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    The representative theory of perception is one of the realist theories of perception which maintains we do not have direct access to the objects of perception; our ideas represent some objective objects in the world. In this paper, I will address the question about the representative nature of mental ideas from a Thomistic perspective. I will explore if some Thomists are entitled to claim that Aquinas’ theory of knowledge based on his metaphysics can provide a basis for resolving this issue. I will argue that this question is wrong-headed and it should be replaced with the following question: If we assume the existence of a real world and that we are not under the influence of hallucination, how we can know that our ideas truly represent the world?La teoria rappresentativa è una delle teorie “realiste” della percezione, le quali affermano che non è possibile avere un accesso diretto agli oggetti di percezione, per cui le nostre idee rappresentano solo gli oggetti nel mondo. In questo contributo, mi propongo di avvicinare la questione della natura rappresentativa delle idee mentali da una prospettiva tomista, tenendo anche in conto che per alcuni seguaci dell’Aquinate la teoria della conoscenza da lui formulata poteva effettivamente offrire una soluzione al problema. A mio avviso, la questione deve essere così riformulata: se si assume l’esistenza di un mondo reale, e nel contempo si è certi di non essere in uno stato di allucinazione, come è possibile affermare che le idee veramente rappresentano il mondo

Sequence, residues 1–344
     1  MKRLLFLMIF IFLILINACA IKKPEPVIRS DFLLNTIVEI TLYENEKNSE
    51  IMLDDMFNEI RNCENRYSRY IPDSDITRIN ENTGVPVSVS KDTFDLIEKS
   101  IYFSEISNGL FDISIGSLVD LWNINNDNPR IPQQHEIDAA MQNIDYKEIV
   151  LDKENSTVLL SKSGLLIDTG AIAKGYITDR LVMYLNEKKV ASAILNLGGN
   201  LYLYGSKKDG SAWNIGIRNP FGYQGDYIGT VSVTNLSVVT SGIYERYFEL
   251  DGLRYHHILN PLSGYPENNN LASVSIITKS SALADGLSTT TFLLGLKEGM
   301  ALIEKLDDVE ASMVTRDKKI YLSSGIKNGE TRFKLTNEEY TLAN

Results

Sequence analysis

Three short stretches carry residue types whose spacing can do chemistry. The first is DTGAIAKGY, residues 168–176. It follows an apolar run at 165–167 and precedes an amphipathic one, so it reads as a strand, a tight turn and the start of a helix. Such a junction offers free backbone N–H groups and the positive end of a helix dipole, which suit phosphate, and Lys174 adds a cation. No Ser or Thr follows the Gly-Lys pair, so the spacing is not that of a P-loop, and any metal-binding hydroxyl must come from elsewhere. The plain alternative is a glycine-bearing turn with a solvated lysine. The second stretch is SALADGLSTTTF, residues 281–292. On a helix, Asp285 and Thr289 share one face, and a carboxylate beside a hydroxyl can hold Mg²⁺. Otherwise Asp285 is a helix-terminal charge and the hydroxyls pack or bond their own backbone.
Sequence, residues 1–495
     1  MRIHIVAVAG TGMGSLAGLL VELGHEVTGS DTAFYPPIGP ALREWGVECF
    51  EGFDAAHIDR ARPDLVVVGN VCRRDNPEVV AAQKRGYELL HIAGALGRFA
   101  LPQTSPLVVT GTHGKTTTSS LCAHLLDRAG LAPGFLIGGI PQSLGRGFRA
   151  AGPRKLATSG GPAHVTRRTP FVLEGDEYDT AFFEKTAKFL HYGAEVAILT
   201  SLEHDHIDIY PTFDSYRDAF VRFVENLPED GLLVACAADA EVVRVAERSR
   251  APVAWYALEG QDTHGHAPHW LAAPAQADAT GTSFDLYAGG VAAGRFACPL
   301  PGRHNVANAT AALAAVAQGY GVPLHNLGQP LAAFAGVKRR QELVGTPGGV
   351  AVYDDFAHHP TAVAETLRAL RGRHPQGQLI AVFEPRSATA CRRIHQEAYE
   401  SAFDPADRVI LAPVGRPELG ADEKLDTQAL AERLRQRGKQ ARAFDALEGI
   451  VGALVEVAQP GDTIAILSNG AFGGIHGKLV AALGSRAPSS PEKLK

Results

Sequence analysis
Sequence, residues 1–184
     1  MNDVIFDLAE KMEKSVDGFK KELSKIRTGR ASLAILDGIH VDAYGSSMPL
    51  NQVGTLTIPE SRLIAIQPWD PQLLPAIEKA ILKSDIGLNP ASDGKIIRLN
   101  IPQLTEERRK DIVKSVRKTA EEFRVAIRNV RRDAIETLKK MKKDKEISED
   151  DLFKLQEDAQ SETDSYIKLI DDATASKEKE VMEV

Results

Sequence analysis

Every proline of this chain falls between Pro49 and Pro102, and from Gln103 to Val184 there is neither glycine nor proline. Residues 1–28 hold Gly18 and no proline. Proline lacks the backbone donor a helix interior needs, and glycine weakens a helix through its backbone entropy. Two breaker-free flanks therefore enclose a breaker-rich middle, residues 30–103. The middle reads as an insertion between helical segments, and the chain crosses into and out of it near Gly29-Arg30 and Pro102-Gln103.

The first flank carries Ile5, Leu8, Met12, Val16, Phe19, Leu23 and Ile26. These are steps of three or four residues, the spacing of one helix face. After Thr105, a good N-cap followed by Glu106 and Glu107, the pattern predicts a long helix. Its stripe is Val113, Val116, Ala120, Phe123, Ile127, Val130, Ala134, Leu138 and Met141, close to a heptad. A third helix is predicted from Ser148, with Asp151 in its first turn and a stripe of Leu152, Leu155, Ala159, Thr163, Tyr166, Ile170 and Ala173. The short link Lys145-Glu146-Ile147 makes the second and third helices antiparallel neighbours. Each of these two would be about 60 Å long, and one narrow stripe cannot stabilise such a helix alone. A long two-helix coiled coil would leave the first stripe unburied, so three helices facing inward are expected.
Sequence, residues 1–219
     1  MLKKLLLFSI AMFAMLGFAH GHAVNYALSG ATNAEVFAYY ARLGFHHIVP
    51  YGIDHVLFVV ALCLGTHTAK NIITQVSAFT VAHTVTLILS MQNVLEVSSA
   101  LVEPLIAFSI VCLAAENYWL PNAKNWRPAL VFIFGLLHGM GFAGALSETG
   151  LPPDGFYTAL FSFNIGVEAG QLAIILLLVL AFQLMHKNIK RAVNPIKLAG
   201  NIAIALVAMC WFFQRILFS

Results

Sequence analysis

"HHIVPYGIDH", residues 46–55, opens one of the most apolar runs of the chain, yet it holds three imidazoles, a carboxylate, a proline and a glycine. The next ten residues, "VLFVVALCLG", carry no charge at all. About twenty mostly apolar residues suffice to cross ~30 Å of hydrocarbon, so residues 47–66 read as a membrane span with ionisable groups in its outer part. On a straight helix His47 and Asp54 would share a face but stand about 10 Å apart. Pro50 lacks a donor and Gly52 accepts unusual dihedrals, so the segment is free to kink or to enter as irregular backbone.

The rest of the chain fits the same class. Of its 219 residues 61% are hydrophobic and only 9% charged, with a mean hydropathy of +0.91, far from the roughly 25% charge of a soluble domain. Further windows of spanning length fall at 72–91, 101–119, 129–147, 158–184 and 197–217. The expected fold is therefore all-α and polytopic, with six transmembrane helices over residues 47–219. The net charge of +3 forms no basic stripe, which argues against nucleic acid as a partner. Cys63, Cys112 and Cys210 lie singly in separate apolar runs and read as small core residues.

Aquinas’ Theory of Knowledge and the Representative Theory of Perception